Both cities have a high sales tax rate of 10.25%, which is above the national median of around 7%.

This could impact your daily and luxury spending alike.

Avg. Grocery Bill per Month


Seattle’s average grocery bill is $399.69/month, which is higher than Chicago’s $327/month.

While not a massive difference, it could add up over the year. Both are above the national average of approximately $386/month.

Average Healthcare Costs

$5040/year for a single adult$6,468/year for a single adult

Healthcare in Seattle costs around $5,040/year for a single adult, slightly less than Chicago’s $6,468/year.

If healthcare expenses are a significant concern for you, Seattle offers a more affordable option.

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2. Crime & Safety

Safety and security are top priorities when choosing a place to live, and the crime rates and emergency response times in Seattle and Chicago offer contrasting profiles that could influence your decision.

Overall Crime Rate

63 per 1,000 people32.51 per 1,000 people

Seattle’s overall crime rate is notably higher at 63 per 1,000 people compared to Chicago’s 32.51 per 1,000 people.

This is counterintuitive given Chicago’s reputation, but it’s essential to note that crime can be localized within cities.

The national average is around 46 crimes per 1,000 people, making Seattle higher and Chicago lower in comparison.

Violent Crime Rate

32.3 per 1,000 people8.70 per 1,000 people

Surprisingly, Seattle has a much higher violent crime rate at 32.3 per 1,000 people, compared to Chicago’s 8.70 per 1,000 people.

This could be a significant consideration for families or individuals prioritizing personal safety.

The national average for violent crimes is approximately 4 per 1,000 people, making both cities higher but Seattle substantially so.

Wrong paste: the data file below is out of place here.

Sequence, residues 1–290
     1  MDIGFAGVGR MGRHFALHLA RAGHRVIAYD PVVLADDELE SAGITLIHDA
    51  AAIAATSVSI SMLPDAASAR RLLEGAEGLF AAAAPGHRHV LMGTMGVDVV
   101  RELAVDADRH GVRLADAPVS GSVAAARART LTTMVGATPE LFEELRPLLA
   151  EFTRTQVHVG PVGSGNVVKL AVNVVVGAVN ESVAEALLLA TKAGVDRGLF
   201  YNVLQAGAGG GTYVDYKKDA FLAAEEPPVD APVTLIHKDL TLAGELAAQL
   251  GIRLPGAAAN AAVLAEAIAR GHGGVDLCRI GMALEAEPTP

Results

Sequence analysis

Property Crime Rate

76.9 per 1,000 people23.82 per 1,000 people

Seattle also has a higher property crime rate at 76.9 per 1,000 people, more than triple Chicago’s 23.82 per 1,000 people.

If you’re concerned about theft, vandalism, or burglary, this is a crucial factor to consider.

The national average for property crime is around 24 per 1,000 people, making Seattle significantly higher and Chicago about average.

Police Response Time

9.5 Minutes5.8 Minutes – 12 Minutes

Chicago’s police response time varies widely, ranging from 5.8 to nearly 12 minutes depending on the district.

Seattle offers more consistency with an average response time of 9.5 minutes.

While the national average is around 10 minutes, the variability in Chicago could be a concern depending on where you live.

Ambulance Response Time

11 Minutes6 Minutes

In medical emergencies, every second counts. Chicago has a faster ambulance response time, averaging 6 minutes, compared to Seattle’s 11 minutes.

The national average for ambulance response time is approximately 8 minutes, making Chicago faster and Seattle slower in this regard.

3. Career & Employment

Amazon Spheres

Career opportunities and employment conditions are crucial considerations for working professionals, especially those contemplating relocation for job prospects.

Seattle offers higher average salaries and a lower unemployment rate, making it potentially more attractive for career-focused individuals.

Those who are looking to work within the tech industry will prefer Seattle as the city has giants like Amazon, Microsoft, Boeing, Expedia.

Average Annual Salary


Seattle offers an average annual salary of $75,569, which is slightly higher than Chicago’s $73,828.